The sport of running has experienced a steady rise in participants since the 1990s; then a boom during the ‘08 recession. And it has been widely speculated in the last several years that this boom may be ending as more and more millennials are choosing not to run. 

Insidious Threat

But RunnerClick – a company ran by runners for runners who are looking for information on all things running – sees a more insidious threat on the horizon for the sport. 

A RunnerClick analysis of the participation statistics of the Copenhagen Marathon suggests not only is it true that the boom ending, but it may actually be beginning to reverse.

The Copenhagen Marathon

Established in 1980, the Copenhagen Marathon attracts runners from all over the world and to this day draws in an increasing number of participants each year. We were interested in what kinds of people actually participated. In particular, we wanted to know which groups – we divided the runners into groups based on gender and age – had the largest differentials in participation rates in the last several years.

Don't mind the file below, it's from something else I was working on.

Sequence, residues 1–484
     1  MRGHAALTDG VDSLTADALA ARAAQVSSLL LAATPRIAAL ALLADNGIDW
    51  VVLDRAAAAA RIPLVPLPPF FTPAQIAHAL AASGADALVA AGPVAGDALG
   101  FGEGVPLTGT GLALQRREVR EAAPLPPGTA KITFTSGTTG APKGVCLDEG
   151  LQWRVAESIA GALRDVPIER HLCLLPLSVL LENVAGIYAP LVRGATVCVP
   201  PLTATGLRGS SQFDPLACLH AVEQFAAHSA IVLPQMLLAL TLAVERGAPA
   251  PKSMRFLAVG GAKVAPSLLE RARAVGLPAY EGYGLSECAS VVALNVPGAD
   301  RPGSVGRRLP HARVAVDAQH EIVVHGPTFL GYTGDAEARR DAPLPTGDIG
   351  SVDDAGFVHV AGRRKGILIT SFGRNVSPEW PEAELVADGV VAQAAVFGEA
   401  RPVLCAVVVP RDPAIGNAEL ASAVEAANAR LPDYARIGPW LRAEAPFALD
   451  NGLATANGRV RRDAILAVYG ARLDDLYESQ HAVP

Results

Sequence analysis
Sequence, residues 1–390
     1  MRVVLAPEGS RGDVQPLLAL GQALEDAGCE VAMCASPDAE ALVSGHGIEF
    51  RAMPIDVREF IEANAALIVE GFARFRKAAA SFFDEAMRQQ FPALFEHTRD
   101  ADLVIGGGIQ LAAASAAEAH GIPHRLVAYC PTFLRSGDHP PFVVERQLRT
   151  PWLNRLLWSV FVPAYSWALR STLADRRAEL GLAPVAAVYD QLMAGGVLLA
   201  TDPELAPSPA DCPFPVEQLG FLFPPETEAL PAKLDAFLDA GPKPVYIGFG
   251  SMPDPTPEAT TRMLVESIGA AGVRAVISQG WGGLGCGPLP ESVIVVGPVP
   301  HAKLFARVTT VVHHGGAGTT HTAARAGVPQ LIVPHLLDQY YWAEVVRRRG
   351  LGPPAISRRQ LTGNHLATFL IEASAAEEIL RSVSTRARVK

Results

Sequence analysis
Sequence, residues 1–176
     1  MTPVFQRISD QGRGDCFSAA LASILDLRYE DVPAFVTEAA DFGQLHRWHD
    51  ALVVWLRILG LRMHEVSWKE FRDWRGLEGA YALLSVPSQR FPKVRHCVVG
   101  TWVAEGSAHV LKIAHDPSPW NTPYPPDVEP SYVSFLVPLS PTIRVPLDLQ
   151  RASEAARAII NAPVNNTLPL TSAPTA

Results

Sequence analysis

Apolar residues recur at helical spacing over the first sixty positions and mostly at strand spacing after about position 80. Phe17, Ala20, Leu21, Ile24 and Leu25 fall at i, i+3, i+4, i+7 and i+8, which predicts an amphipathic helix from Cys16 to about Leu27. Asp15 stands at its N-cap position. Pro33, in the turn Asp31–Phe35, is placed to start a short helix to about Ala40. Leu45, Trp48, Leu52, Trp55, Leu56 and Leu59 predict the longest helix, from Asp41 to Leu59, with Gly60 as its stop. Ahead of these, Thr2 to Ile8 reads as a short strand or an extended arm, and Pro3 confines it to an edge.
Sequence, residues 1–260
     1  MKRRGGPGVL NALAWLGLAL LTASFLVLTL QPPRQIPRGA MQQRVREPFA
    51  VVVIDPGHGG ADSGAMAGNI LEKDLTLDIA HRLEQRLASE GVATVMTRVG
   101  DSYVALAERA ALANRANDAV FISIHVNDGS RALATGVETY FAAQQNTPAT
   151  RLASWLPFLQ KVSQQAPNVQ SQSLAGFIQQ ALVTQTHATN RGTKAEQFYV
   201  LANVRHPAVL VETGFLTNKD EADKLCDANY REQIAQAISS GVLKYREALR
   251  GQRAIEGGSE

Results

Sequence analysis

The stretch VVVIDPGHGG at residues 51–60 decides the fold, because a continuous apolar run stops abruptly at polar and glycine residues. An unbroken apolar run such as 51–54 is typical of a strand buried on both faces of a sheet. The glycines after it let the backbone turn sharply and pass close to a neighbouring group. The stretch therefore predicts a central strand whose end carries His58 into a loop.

To do this, we analyzed 50,000 runners who participated in the Copenhagen Marathon from 2014 to 2019. 

The first statistic worthy of note is that participation as a whole did in fact increase by almost 12%. 

As you can see from the chart below, most of those participants (65%) were men. 

Most of that increase in participation came from female runners; the rate for women increased by 27%, while men only saw a gain of 7%. This, of course, is to be accepted as the role of women in society has been steadily changing since even before 1980. 

So What Was Different?

But what was not expected – or perhaps what was not hoped for – is the participation differentials between age groups.

The chart below reveals some shocking things. First is that the largest increases in participation rates were seen by age groups 50 to 79. The age group 60 – 69 saw an increase of almost 65%. In second place was the age group 50 – 59, with an increase of 53.2%.

Alarmingly, the age group 0 – 19 had the sharpest decrease in participation 16.6%. Similarly, the age group 30 – 39 also saw a decrease of almost 5%. The age group 20 – 29 had the smallest increase at about 3%, which, though not a negative per se, is indicative of waning interest among that age group for the sport of running. 

So what we are seeing here, essentially, is that the older generations are choosing to enter the sport while the youth are opting out of it. If this trend continues, running may very well go out of style for the young and slowly go the way of the older generations. 

As RunnerClick researcher Miranda Hanson asks in the original study, “The question is, what can we do about it?”

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